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Your business isn’t ready for another crisis, is it?

When writing my doctoral thesis I was staggered to discover most businesses confront a crisis of such magnitude their ongoing viability is threatened every five years. These crises, most frequently caused by poor management decisions, could have been avoided if only managers had engaged more diligently in crisis planning and disaster preparation.

Planning for a potential disaster can take a number of different forms. These include disseminating knowledge among stakeholders, writing response plans, conducting drills, distributing supportive resources and implementing protective measures for life and property.

This is where relevant new research comes in led by scholars at the University of Central Florida. They asked 2000 employees for their views on how well – or even whether – their organisation is engaging in crisis planning or disaster preparation.

The reason it’s important to explore what employees have to say is that prior studies have revealed employers are more inclined to overstate their preparedness activities. By asking employees instead, a more honest picture emerges, one that isn’t susceptible to exaggeration.

Cynically, the researchers suspected businesses in the private sector would fare worse than their public-sector counterparts simply because the profit motive, along with less red tape, compels them to take greater risks. Those risks, for instance, could involve cutting corners or saving costs when they pertain to a future event so unpredictable it’s perceived not as improbable but as impossible.

(As an aside, that is essentially the definition of a crisis. It is rare. It threatens the organisation’s survival. And it’s almost impossible to believe it could ever happen until it invariably does.)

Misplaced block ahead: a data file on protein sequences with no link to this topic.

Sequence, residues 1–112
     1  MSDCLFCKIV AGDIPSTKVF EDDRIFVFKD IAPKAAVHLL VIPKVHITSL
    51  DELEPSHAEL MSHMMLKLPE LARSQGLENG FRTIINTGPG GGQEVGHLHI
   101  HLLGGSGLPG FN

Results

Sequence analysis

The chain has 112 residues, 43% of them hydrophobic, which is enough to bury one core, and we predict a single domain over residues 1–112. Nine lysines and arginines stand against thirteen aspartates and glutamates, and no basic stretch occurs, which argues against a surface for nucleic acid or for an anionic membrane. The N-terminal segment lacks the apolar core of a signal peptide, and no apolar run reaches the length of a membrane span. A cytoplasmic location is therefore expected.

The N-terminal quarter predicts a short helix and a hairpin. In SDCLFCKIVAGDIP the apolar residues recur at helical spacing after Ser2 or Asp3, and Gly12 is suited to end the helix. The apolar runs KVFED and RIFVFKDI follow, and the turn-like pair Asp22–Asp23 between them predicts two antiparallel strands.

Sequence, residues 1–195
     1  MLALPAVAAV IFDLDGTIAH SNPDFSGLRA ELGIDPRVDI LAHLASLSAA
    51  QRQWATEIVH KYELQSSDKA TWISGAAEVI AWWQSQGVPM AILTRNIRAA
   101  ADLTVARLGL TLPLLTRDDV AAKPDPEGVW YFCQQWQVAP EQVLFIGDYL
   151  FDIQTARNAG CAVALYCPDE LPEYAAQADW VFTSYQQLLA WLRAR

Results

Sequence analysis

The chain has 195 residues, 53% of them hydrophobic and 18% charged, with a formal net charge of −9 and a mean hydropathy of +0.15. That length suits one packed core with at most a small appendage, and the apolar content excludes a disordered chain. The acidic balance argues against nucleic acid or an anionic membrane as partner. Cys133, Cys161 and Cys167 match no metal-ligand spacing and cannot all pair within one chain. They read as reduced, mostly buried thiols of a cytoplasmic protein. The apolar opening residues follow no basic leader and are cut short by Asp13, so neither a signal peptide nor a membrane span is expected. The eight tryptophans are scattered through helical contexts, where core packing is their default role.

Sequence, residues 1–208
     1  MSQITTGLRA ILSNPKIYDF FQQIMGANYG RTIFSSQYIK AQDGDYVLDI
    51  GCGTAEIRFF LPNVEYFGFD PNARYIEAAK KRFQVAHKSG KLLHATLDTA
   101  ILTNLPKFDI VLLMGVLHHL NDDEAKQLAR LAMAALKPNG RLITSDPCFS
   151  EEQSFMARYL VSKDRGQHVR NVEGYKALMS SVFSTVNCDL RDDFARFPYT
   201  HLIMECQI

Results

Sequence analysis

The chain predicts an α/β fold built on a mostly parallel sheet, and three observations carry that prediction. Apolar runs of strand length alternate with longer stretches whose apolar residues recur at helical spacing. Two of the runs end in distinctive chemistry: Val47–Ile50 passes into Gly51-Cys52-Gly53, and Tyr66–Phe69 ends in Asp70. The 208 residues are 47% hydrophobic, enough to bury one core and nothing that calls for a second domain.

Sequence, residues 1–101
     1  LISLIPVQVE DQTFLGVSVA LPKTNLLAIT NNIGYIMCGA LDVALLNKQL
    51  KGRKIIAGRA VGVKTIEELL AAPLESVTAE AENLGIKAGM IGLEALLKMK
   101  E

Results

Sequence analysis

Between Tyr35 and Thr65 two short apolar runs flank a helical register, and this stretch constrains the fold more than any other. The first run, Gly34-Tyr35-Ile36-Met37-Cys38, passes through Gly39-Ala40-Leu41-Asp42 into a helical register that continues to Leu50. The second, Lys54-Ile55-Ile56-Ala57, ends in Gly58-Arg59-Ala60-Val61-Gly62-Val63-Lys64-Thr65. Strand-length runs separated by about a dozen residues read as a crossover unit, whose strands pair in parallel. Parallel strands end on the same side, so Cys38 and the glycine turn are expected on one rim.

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The researchers’ suspicions turned out to be accurate. On each of the ten most common activities, private businesses had lower rates of involvement. Much lower rates. As an example, the basic task of giving employees information on what to do in the event of a disaster was adopted by just 49 per cent of private businesses. In the public sector it was 72 per cent.

A second stark example relates to training, such as providing employees with coaching on how to identify, control and eliminate hazards, or how to perform First Aid and CPR. Only 61 per cent of people employed in private businesses reported having received this type of training. Among those in the public sector it was 82 per cent.

Most concerning is that, of the private operators, those found to be the least prepared were small businesses. Even more so if they were operating from just one location.

Which means if you stumbled across this column while browsing The Age and The Sydney Morning Herald’s small business section, there’s a solid chance the findings of this research apply to you. Now more than ever.

Follow James Adonis on Twitter.

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